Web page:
Joaquin finished speaking and looked at Carina and Amalia to see if there was anything else they wanted. This was the time when people came forward to share their memories of the deceased, but no one other than the sisters had known him. Amalia squeezed Carina's hand and looked at her, a question in her eyes. Carina shook her head. Enough words had been said. Amalia motioned for Joaquin to continue, and after a few more words he directed the men in lowering the pine box into the ground.
The wind picked up, fluttering the sisters' skirts around their calves as they came forward. Carina stooped to pick up a handful of the desert earth, waited a moment for the wind to die down, then dropped it in. She had thought she would be moved at the finality of this act, but oddly, it was just a job, like any of the other tasks she did each day. Amalia bent down, gathered some dirt and did the same. Then they stepped back and let the others come forward. It seemed to take forever for everyone to file past.
Finally it was done and people began wandering down the hill. Amalia went to the other graves in their family plot, picking up small stones and placing them on the headstones. Carina knew she should do the same out of respect for her parents and Alan, whose marker but not his body lay here, but she had done as much as she could for one day. She needed to go down the hill and rejoin the living.
Amalia and Donovan had paid Joaquin to arrange a reception, and kind neighbors had brought additional food to share, as was the custom in these difficult times. Carina walked into the hall and allowed herself to be led to the refreshment table. Although the pies, cakes and breads looked good, she took only a cup of coffee. Then she sat down and neighbors came over one by one or in pairs. Carina accepted their attention graciously, but quickly turned any conversation to the topic of their animals. "How is Baru-- did that limp clear up? Did your guinea ever start laying again?" And when the Torres patriarch wandered over, "Are you looking to sell any alpacas?"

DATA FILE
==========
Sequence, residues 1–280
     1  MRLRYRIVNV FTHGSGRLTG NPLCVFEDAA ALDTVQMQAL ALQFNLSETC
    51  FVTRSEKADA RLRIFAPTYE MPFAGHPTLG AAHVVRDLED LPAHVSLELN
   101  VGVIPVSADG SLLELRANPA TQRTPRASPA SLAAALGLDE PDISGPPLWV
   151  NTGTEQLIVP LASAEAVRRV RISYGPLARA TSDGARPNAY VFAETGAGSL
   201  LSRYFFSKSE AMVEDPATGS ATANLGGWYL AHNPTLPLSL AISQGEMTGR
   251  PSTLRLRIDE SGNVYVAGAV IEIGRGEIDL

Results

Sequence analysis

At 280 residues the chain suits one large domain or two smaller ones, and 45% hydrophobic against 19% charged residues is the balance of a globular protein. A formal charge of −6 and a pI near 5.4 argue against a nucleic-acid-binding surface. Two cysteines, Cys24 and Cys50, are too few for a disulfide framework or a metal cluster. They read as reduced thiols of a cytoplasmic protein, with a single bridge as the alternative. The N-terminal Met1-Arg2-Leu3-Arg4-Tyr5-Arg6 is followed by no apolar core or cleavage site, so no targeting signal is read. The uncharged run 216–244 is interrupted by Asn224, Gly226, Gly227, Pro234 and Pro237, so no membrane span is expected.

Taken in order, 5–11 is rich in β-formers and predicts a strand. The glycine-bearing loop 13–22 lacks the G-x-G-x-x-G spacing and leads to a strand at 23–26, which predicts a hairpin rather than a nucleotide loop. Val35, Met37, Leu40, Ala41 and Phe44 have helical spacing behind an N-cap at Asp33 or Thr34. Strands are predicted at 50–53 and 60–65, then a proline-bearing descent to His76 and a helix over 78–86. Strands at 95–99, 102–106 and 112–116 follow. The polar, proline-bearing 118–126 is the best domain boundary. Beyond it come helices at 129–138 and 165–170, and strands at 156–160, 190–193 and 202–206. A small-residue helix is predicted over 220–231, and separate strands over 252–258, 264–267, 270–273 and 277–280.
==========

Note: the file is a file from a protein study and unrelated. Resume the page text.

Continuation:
* * *
Amalia, standing off to one side with Donovan, watched her sister closely.
"You don't think she's overdoing?" Donovan asked. "Maybe we should cut this short and take her home."
"Let her decide. She looks like she's handling things all right."
"I'm just thinking of Jonasville and all those people who tired her out."
"This isn't Jonasville," Amalia reminded him. "You worry too much about her."
"It's a habit I got into, I guess."
Amalia turned away, not entirely satisfied with his answer. To distract herself, she scanned the room, looking for the children. Tasha was in a corner playing a game with Jimmy Montoya and one of the Torres girls, but where was Will?
"I think I saw him sneak outside with Diana," Donovan said, reading her thoughts.
"Probably to debate the merits of every horse and mule out there. Those two can talk animals almost as long as Carina can."
"Maybe instead of a valley medical clinic, she should be thinking of opening a valley veterinary school."
"That's not a bad idea. I might mention it to her. We'll need someone to look after the animals if she marries Alvi."
Donovan started. "Why would she do that?"
"Oh, I'm just joking. He's not her type. But he did ask her while you were in Jonasville, or didn't she tell you?"
"I knew something happened between them," Donovan said darkly. "But I wasn't sure exactly what."
"He's always liked her, so I'm not really surprised, but it was in very bad taste to ask when he did. It's a crazy notion. What can a peddler offer her?"
"He’s a federal spy, Amalia. The peddling is a cover."
"You can't be serious. Our Alvi?"
Donovan nodded. "He makes a lot of money at it, too."
"Then perhaps he does have something to offer," Amalia mused. "Not that I would want her to leave, but if he could give her a house in town and some measure of security. . ."
"You said he wasn't her type," Donovan reminded her. "Besides, she told him no."
"I was just thinking out loud, but you're right, it's totally ludicrous."